All three of the labourers looked over their shoulders and saw Herome and Ruudmund standing there.  Other members of both groups back around the camp fires were beginning to look in their direction.  The three men looked at each other.

With a smile Eliane added, “The principles that we apply to breeding cows can also be applied to people.”  She smiled.

“You’re priestesses,” the scarred one almost stammered as he said that.  He looked behind him again and added, “Travelling with priests and sacred cows.”

“Skilled Dedicates travelling with family,” corrected Helire.

“I’ll give you the cows,” conceded Eliane.  “You were just going back to your friends, weren’t you?”  She smiled again.

The brown haired one looked over his shoulder and said, “Yeah, we were, boys, weren’t we?”

They slunk away between Herome and Ruudmund to a lot of head shaking from their friends.  “That could have been a risky strategy,” pointed out Learned Ordained Ruudmund, being every inch the group leader and moral mentor.

“It seemed the best option for a situation we didn’t choose,” replied Helire.  “If nothing had worked, well the one with the scar looks like he’s got good wound healing capability and that’s not to be sneezed at.”

Ruudmund looked at Helire for a moment and then said, “I still don’t think you realise how dangerous that could have been,” and went back to their campfire.

There was no further friction, although there was some mutual wariness between the two groups until they broke camp in the morning.  Everyone seemed pleased that they were not all going in the same direction.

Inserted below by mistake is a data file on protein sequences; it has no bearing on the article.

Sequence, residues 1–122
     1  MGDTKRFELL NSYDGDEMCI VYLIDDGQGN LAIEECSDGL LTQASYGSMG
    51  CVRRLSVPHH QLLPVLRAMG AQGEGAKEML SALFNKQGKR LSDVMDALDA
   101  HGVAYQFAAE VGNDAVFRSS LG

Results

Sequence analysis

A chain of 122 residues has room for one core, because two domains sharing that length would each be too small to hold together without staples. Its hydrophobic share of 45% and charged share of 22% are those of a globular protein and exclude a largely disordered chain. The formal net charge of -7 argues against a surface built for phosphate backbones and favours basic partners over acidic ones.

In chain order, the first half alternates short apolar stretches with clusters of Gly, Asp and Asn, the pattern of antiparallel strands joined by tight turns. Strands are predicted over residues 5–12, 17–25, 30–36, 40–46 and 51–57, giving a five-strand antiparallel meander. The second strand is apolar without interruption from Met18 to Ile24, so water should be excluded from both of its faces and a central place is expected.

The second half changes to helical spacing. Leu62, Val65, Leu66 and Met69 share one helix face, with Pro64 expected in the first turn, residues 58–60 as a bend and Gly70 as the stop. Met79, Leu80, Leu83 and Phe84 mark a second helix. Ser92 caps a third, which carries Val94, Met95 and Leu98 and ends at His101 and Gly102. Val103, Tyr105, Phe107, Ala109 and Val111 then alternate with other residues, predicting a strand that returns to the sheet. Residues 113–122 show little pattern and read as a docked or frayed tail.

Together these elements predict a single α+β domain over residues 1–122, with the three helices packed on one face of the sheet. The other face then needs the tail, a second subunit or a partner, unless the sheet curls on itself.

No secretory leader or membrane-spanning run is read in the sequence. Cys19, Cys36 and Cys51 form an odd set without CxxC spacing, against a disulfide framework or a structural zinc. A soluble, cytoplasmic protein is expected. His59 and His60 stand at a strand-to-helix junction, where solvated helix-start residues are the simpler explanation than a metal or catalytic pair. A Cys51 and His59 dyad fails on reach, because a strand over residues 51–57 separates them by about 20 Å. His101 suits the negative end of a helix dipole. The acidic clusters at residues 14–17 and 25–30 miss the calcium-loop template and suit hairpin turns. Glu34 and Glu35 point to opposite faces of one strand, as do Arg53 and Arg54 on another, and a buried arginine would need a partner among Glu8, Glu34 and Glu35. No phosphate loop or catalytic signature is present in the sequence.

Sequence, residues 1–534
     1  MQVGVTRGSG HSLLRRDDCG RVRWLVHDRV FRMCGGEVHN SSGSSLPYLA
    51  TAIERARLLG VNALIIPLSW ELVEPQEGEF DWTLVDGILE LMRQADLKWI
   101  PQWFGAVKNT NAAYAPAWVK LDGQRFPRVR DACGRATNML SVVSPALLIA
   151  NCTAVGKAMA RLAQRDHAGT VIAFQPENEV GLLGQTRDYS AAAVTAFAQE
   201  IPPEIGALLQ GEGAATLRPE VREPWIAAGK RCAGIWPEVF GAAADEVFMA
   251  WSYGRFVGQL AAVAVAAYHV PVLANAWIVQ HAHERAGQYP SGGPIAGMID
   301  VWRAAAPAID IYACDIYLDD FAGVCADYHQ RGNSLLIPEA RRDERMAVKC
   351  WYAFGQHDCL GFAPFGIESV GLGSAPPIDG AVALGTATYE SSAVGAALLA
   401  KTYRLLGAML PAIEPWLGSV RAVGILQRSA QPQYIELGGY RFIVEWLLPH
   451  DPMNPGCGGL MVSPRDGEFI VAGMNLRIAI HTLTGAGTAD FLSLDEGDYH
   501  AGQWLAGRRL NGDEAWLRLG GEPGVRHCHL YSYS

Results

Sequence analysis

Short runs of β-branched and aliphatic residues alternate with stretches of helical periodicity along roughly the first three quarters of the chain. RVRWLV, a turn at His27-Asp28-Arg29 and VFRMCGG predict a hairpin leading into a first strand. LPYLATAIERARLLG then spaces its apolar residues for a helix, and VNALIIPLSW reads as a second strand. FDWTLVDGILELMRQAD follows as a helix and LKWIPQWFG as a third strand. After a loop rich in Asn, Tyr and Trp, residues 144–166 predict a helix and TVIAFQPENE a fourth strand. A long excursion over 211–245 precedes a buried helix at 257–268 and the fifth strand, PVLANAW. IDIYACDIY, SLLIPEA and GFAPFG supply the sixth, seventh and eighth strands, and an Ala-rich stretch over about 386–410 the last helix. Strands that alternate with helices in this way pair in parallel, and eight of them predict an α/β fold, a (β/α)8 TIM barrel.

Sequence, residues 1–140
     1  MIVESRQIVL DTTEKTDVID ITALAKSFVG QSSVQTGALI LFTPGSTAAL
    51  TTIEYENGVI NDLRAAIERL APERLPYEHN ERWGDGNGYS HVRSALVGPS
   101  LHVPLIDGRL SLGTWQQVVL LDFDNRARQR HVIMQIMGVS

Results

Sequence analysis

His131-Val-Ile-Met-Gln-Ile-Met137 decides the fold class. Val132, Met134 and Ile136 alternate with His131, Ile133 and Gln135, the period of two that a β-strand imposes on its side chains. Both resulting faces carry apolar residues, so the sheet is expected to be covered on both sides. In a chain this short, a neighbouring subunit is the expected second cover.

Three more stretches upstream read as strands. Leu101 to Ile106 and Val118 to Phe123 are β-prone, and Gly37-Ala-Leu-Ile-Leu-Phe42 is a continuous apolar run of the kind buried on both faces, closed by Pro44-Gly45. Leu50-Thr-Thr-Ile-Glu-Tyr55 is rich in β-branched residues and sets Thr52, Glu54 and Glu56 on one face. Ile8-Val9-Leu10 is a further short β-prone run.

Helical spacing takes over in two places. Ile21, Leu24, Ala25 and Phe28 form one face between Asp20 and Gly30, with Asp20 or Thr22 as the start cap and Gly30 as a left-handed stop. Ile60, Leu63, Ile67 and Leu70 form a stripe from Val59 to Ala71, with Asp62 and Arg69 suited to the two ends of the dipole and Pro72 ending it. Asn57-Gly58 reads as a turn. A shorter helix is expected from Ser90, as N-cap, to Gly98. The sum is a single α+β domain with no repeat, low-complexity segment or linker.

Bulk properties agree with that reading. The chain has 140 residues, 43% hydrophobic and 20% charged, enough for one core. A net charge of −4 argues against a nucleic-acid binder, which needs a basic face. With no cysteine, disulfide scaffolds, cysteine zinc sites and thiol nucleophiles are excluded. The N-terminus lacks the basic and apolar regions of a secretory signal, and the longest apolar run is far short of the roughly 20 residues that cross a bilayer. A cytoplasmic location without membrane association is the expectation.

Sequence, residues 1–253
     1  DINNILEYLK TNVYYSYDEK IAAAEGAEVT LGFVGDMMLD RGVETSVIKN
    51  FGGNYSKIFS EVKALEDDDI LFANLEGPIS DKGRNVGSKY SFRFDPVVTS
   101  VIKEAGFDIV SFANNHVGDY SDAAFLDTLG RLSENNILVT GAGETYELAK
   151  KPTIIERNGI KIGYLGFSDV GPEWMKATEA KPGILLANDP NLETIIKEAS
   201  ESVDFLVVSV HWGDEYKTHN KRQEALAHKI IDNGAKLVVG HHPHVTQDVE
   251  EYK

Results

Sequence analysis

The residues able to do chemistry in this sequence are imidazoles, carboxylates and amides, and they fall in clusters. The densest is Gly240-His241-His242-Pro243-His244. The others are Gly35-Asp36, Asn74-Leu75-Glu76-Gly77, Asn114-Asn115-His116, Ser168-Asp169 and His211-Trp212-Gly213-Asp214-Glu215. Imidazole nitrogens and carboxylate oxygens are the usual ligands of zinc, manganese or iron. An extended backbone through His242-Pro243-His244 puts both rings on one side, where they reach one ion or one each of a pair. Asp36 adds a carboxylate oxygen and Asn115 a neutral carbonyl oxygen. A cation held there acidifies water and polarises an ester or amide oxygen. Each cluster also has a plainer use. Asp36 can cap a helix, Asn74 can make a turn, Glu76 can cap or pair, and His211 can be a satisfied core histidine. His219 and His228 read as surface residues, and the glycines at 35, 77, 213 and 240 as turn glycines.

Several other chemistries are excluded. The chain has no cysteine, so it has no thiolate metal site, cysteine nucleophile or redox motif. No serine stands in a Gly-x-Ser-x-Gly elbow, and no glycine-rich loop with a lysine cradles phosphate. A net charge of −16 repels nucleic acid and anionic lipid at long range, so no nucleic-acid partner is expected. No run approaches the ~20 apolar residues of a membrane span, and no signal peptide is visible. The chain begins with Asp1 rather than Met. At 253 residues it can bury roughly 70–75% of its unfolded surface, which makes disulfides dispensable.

By the time they reached Prothiarn, Eliane knew that Helire was planning to stay there and study for the priesthood.  That did explain the amount of luggage that she’d brought along.  Eliane kept her envy that she’d been able to openly leave home to herself.  Helire, also had no-one among the cousins that she could safely marry, but her section of the family seemed to think that freed her from the obligation to return home.

“Well, there are five of us, plus two lots of first cousins,” pointed out Helire prosaically.  “we can’t all stay on our farm, some of us have to leave.  Me doing this frees up space all across the family because no-one has to fit me in.”  Eliane suspected that at least one of the male cousins along on the trip had similar issues, but she wasn’t having the types of conversations with them that she’d had with Helire.